Domino’s is doing all it can to associate itself with the World Cup and gain from the fact that in Asia all the games are in the middle of the night and fast food delivery brands are expected to have storming business.
The pizza chain is running a football orientated digital “kick off” game and in Malaysia is giving away an all expenses trip to Brazil.
Dominos wasn’t so brave in Singapore. You can only win the usual iPads and TVs that every brand in Singapore always uses for every promotion going instead, however it does have the rather cheeky strapline of “football season is here”.
As the European football season (which dominates Asian TV viewing and football passions) is finished, that’s a slightly bizarre line to be using to market themselves as a football brand.
Not to be outdone, KFC is betting everything on perhaps the world’s most famous footballer, Christiano Ronaldo, who has become its brand ambassador in countries like Malaysia and Singapore.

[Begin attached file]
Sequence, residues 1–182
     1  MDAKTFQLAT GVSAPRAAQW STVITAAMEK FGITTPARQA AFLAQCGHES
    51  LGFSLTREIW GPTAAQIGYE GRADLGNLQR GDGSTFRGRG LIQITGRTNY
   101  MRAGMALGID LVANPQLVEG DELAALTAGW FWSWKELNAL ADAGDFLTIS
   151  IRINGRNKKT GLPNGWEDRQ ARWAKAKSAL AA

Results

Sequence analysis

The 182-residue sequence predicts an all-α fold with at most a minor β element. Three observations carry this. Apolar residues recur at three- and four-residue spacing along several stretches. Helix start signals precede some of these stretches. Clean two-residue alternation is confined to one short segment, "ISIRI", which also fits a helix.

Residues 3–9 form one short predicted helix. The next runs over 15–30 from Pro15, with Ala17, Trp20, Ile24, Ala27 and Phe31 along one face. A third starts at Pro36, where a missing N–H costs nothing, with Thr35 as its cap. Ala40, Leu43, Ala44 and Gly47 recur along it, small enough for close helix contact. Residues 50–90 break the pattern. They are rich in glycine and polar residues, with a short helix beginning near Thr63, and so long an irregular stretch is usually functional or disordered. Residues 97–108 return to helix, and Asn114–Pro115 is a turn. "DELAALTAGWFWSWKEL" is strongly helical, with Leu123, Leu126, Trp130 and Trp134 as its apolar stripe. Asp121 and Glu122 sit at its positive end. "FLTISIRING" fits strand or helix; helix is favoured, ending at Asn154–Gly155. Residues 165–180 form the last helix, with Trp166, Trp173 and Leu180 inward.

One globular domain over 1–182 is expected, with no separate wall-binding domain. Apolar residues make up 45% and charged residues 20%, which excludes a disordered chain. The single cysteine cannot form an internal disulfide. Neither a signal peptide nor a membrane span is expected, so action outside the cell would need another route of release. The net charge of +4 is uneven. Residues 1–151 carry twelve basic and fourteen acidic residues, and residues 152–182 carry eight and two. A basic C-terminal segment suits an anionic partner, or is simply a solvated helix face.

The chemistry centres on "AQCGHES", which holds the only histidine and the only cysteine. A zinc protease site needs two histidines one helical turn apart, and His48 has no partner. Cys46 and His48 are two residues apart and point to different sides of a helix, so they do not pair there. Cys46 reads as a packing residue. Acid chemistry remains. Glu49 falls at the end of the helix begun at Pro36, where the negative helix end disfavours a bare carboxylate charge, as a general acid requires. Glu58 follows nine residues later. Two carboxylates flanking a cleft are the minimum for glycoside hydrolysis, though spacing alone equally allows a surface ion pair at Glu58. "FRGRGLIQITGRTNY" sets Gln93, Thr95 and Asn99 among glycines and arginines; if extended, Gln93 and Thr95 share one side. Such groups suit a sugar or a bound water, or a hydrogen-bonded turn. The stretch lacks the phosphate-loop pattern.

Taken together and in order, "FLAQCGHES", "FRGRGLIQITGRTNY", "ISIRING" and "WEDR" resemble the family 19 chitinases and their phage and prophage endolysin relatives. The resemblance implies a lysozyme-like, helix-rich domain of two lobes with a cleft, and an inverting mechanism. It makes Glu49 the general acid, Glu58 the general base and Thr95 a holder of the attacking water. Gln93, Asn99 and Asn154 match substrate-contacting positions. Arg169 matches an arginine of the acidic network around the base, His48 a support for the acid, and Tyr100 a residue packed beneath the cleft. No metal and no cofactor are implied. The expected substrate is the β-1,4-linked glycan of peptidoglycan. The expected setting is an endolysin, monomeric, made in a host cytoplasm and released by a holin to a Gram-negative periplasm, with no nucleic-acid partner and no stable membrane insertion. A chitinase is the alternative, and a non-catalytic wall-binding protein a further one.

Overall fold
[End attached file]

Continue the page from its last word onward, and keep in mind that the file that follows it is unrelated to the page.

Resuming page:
The fact that customers may just get confused as to how many brands Ronaldo endorses probably doesn’t matter to the marketing execs in charge.
KFC is using Ronaldo in Asia and the Middle East, even launching a KFC Ronaldo Variety Bucket and Ronaldo Hot Box.
Sun Hung Kai
In Hong Kong, Sun Hung Kai Properties is launching a full-scale campaign across 11 of its shopping malls throughout June and July to capitalise on the tournament.
It’s predicting that the World Cup this year will bring 36.1m visits, up from 24.14m visits for the last World Cup campaign four years ago.
Events include live broadcast of 56 games, themed art installations, exhibitions, pop-up stores, fashion shows, Brazilian Samba dance performances, special designated areas for you to watch the game with your dog, lucky draws, gift redemption schemes, activities with celebrity footballers and a tournament involving a cell phone and a big screen TV.
In China, Harbin Beer is using the fact that it is an official beer sponsor of the tournament to launch a new brand campaign and reconnect beer with watching sporting events.
It’s a multichannel campaign that involves online, offline, in-store and on-pack promotions through the World Cup.